HIC SITAE SUNT EXUMAE THOMAE
LENNON, NUPER DE CLONCULLIN, GENEROSI
BONI PII JUST
EVITA DESCEDIT DIE JANUARII 190 17334
AETATIS SUAE 760
IN CUJUS MEMORIAM
FILII EJUS HOC MONUMENTUM
Translation - (Not on Gravestone): At this place are the remains of Thomas Lennon, later of Cloncullin,
Gentleman, a good, pious and upright man. He departed this life 19th January
17334, in the 76th year of his age. To whose memory his sons have placed
In false relief: Elaborately carved crest, coat of arms, mantling, and an esquire's helmet, viz: a fesse surmounted by 3 fleur-de-lys, in shield surmounted by esquire's helmet above which is a scallop shell, which indicated that the deceased went on pilgrimage to Santiago de Compostela, all surrounded by scrolls of Acanthus leaves which symbolise the Gardens of Heaven
On the bottom of the stone is a Skull and Crossbones with the inscription "Mement Mori". The skull and crossbones represent the passing of life into death and the legend "Mement Mori" means "remember you will die". The combination of all reminds us to be good in this life as someday we will die.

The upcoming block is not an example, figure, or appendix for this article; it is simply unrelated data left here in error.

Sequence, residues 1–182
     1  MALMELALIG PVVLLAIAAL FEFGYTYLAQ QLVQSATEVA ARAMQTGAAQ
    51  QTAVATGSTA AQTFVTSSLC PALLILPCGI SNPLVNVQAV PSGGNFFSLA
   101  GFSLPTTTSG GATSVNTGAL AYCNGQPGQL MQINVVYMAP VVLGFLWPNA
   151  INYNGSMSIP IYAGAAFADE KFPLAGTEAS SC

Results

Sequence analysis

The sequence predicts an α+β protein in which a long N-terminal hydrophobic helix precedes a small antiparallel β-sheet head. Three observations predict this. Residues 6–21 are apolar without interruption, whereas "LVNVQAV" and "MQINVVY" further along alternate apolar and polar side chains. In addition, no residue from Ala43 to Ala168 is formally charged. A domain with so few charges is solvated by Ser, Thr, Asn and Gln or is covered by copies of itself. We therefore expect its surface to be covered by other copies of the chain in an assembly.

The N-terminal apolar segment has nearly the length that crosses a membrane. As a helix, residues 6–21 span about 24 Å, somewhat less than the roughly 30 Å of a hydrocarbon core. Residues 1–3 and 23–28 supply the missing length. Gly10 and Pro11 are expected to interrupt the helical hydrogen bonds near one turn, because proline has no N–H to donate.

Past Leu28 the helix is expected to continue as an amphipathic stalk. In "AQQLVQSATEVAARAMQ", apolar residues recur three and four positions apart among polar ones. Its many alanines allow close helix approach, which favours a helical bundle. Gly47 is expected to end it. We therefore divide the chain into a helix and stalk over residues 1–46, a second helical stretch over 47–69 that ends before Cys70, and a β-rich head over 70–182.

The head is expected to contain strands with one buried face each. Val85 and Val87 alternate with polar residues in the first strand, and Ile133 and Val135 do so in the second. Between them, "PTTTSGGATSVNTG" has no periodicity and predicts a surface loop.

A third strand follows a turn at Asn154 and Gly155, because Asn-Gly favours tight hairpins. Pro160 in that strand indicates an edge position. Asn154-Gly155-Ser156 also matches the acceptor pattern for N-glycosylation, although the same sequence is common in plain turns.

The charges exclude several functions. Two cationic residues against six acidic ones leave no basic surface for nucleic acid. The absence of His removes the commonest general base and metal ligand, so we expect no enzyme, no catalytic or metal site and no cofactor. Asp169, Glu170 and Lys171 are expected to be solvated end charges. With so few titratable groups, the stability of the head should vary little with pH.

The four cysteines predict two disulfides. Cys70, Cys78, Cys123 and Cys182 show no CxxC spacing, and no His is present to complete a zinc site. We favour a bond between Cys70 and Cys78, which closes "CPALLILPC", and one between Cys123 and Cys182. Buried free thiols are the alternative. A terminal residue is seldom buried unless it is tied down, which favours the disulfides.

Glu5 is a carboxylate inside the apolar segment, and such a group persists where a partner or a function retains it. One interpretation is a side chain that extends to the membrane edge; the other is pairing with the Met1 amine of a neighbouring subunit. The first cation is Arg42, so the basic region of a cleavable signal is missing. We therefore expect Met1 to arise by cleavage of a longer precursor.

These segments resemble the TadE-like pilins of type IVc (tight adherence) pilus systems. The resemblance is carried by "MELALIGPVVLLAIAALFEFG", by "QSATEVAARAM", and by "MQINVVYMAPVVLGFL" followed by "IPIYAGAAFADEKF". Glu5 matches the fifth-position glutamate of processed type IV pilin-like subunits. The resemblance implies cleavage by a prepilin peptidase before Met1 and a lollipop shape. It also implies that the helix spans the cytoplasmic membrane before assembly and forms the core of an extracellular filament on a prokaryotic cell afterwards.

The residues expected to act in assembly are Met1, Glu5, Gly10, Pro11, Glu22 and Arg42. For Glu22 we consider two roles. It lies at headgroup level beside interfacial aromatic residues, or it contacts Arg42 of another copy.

The townland of Cloncullin lies 5km to the north of Ballymore graveyard. Thomas Lennon of Cloncullen was born c. 1658. He was married to Judith Lennon. His eldest son, John of Mullingar died circa 1742. His second son, Charles of Walshestown died circa 1761. His 3rd son was George of Doones, Co. Westmeath, who died in 1748. His 4th son, Thomas was married to Miss Sandys of Crevaghmore, Co. Longford. His 5th son was William of Newtown, who died 1741. Their daughter Elizabeth was born 1694, in 1714 she married John Devenish of Collierstown or Portlick Castle, Co. Westmeath.
The double "dates" of Lennon's death indicates the usage of two separate calendars in 18th-century Ireland. Roman Catholic’s had generally adopted the new Gregorian calendar in place of the Julian calendar in the 16th century. Protestant people carried on using the Julian Calendar between the 16th- 18th century. One of the main changes in the Gregorian calendar, was that the start of the year was now 1 January, and not 25 March, or Lady Day as it was in the Julian Calendar.